The Patient Protection and Affordable Care Act has increased the number of insured Americans by more than 20 million individuals.1 Approximately half of the newly insured have an income at or below 138% of the poverty level and are on average younger, sicker, and more likely to report poor to fair health compared to those individuals who already had health care coverage.2 Specialties such as dermatology are faced with the challenge of expanding access to these newly insured individuals while also improving quality of care.
Because of the complexity of defining quality in medicine, patient satisfaction is being used as a proxy for quality, with physicians evaluated and reimbursed based on patient satisfaction scores. Little research has been conducted to validate the relationship between patient satisfaction and quality; however, one study showed online reviews from patients on Yelp correlated with traditional markers of quality, such as mortality and readmission rates, lending credibility to the notion that patient satisfaction equates quality of care.3 Moreover, prospective studies have found positive correlations between patient satisfaction and compliance to therapy4,5; however, these studies may not give a complete picture of the relationship between patient satisfaction and quality of care, as other studies also have illustrated that, more often than not, factors extrinsic to actual medical care (eg, time spent in the waiting room) play a considerable role in patient satisfaction scores.6-9
When judging the quality of care that is provided, one study found that patients rate physicians based on interpersonal skills and not care delivered.8 Another important factor related to patient satisfaction is the anonymity of the surveys. Patients who have negative experiences are more likely to respond to online surveys than those who have positive experiences, skewing overall ratings.6 Additionally, because of Health Insurance Portability and Accountability Act regulations, physicians often are unable to respond directly to public patient reviews, resulting in an incomplete picture of the quality of care provided.
Ultimately, even if physicians do not agree that patient satisfaction correlates with quality of care, it is increasingly being used as a marker of such. Leading health care systems are embracing this new weight on patient satisfaction by increasing transparency and publishing patient satisfaction results online, allowing patients more access to physician reviews.
In dermatology, patient satisfaction serves an even more important role, as traditional markers of quality such as mortality and hospital readmission rates are not reasonable measures of patient care in this specialty, leaving patient satisfaction as one of the most accessible markers insurance companies and prospective patients can use to evaluate dermatologists. Furthermore, treatment modalities in dermatology often aim to improve quality of life, of which patient satisfaction arguably serves as an indicator. Ideally, patient satisfaction would allow physicians to identify areas where they may be better able to meet patients’ needs. However, patient satisfaction scores rarely are used as outcome measures in studies and are notoriously difficult to ascertain, as they tend to be inaccurate and may be unreliable in correlation with physician skill and training or may be skewed by patients’ desires to please their physicians.10 There also is a lack of standardized tools and scales to quantitatively judge outcomes in procedural surgeries.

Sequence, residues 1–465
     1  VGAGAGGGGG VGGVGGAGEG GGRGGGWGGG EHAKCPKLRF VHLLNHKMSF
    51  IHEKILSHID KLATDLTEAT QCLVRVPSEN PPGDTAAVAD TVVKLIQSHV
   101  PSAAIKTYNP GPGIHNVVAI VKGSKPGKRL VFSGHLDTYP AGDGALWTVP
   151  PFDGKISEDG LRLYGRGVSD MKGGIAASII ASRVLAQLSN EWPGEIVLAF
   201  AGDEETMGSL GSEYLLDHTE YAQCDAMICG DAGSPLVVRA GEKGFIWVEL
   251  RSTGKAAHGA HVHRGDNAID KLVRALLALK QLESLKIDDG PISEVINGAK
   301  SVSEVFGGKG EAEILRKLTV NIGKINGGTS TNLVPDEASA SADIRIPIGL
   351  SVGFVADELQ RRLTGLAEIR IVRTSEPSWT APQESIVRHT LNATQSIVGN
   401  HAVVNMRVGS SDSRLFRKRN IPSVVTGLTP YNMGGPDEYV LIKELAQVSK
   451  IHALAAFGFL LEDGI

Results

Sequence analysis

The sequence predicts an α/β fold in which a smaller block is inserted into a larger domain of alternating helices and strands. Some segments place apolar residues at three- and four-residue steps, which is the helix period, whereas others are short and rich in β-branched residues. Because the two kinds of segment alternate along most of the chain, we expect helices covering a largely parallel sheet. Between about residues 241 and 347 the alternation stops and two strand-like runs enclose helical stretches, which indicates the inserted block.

Although patient satisfaction is being used as a measure of quality of care and is particularly necessary in a field such as dermatology that has outcome measures that are subjective in nature, there is a gap in the current literature regarding patient satisfaction and dermatology. To fill this gap, we conducted a prospective study of targeted interventions administered at outpatient dermatology clinics to determine if they resulted in statistically significant increases in patient satisfaction measures, particularly among Spanish-speaking patients.
We conducted a prospective study evaluating patient satisfaction in the outpatient dermatology clinics of LAC+USC Medical Center in Los Angeles, California, spanning over 1 year. During this time period, patients were randomly selected to participate and were asked to complete the Short-Form Patient Satisfaction Questionnaire (PSQ-18), which asked patients to rate their care experience on a 5-point Likert scale (1=strongly agree; 5=strongly disagree). The survey was separated into the following 7 subscales or categories looking at different aspects of care: general satisfaction, technical quality, interpersonal manner, communication, financial aspects, time spent with physician, and accessibility and convenience. Patients were given this survey both before and after targeted interventions to improve patient satisfaction were implemented. The targeted interventions were created based on literature review in the factors affecting patient satisfaction. The change in relative satisfaction was then determined using statistical analysis. The study was approved by the University of Southern California Health Science institutional review board.